Rehabilitation of Idiopathic Pulmonary Fibrosis (IPF) Patients

This study has been completed.
Information provided by (Responsible Party):
Department of Veterans Affairs Identifier:
First received: April 27, 2010
Last updated: November 20, 2013
Last verified: November 2013

The incidence and prevalence of IPF increase exponentially with age, and IPF occurs more often in older males. Cigarette smoking and environmental dust exposures are known risk factors for developing IPF. For example, the recently deployed military population, as it ages, is at especially increased risk of IPF. No effective therapies exist, although lung transplantation is used to extend survival of selected patients.

Defining specific therapy to improve exercise tolerance and dyspnea in IPF patients is thus an urgent priority of veteran-oriented research programs.

Condition Intervention
Idiopathic Pulmonary Fibrosis
Behavioral: pulmonary rehabilitation

Study Type: Interventional
Study Design: Allocation: Randomized
Endpoint Classification: Efficacy Study
Intervention Model: Parallel Assignment
Masking: Open Label
Primary Purpose: Treatment
Official Title: Rehabilitation of IPF Patients: Effects of Exercise and Oxidant Stress

Resource links provided by NLM:

Further study details as provided by Department of Veterans Affairs:

Primary Outcome Measures:
  • 6 minute walk distance [ Time Frame: The 6-MWD will be measured at 0, 3 and 6 months. ] [ Designated as safety issue: No ]

Secondary Outcome Measures:
  • systemic markers of oxidant stress [ Time Frame: Markers of oxidant stress will be measured at 0, 3 and 6 months. ] [ Designated as safety issue: No ]
  • maximum oxygen uptake [ Time Frame: Maximum O2 uptake will be measured at 0, 3 and 6 months. ] [ Designated as safety issue: No ]

Enrollment: 24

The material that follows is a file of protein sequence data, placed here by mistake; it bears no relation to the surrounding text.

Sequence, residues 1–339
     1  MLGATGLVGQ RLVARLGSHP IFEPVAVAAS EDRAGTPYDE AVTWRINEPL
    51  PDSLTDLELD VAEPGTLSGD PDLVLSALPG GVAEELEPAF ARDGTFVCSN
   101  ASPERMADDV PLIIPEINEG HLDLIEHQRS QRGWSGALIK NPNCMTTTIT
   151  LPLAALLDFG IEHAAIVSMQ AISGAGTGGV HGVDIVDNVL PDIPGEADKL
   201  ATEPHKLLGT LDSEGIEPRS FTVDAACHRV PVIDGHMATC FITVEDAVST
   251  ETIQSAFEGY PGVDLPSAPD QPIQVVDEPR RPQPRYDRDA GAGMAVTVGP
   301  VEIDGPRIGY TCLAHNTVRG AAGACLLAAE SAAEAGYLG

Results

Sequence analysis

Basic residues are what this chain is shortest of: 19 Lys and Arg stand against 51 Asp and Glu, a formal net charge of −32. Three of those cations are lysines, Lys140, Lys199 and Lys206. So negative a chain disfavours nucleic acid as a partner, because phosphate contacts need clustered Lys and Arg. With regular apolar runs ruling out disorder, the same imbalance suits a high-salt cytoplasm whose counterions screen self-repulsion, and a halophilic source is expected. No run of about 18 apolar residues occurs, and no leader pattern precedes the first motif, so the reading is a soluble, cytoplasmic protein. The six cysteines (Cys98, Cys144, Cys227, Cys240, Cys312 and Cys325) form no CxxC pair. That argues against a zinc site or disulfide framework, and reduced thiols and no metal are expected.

Study Start Date: October 2010
Study Completion Date: September 2013
Primary Completion Date: September 2013 (Final data collection date for primary outcome measure)
Arms Assigned Interventions
Experimental: Arm 1
enroll in pulmonary rehabilitation program
Behavioral: pulmonary rehabilitation
structured exercise program
No Intervention: Arm 2
no structured exercise

Detailed Description:

Chronic lung disease is common in the veteran population. While chronic obstructive pulmonary disease (COPD) is most prominent, fibrotic lung diseases, typified by idiopathic pulmonary fibrosis (IPF), are clearly increasing. We have developed extensive experience with a VA idiopathic pulmonary fibrosis (IPF) population in the context of a randomized, controlled clinical trial of vasodilator therapy.

Based on the current literature and our preliminary experience with exercise testing in IPF patients, we hypothesize that:

  1. Formal pulmonary rehabilitation (i.e., an aerobic exercise program) will result in improved outcomes for IPF patients, demonstrable as an:

    1. Increase in exercise tolerance as quantified by 6-minute walk test (MWT) distance;
    2. Decrease in post-exercise dyspnea as quantified by the Borg dyspnea scale; and an
    3. Overall subjective improvement in quality of life as quantified by Saint George's Respiratory Questionnaire.
  2. Metabolic and physiologic mechanisms of improved exercise tolerance and decreased dyspnea will include:

    1. More efficient oxygen metabolism demonstrated by maximum O2 uptake (VO2max);
    2. Decreased post-exercise oxidant stress demonstrated by post-exercise isoprostanes and plasma total antioxidant capacity (TAC); and,
    3. Maintenance of maximum inspiratory and expiratory pressures (PInmax and PExmax).

Our Specific Objectives are:

  1. To investigate formal pulmonary rehabilitation and exercise tolerance in IPF patients

    The following important endpoints will be assessed to test the working hypothesis that pulmonary rehabilitation improves exercise capacity and lessens dyspnea:

    1. 6-MWT distance;
    2. Dyspnea index; and,
    3. Quality of life (Saint George's Respiratory Questionnaire [SGRQ]).
  2. To assess changes in oxygen uptake, markers of oxidant stress and pulmonary function resulting from pulmonary rehabilitation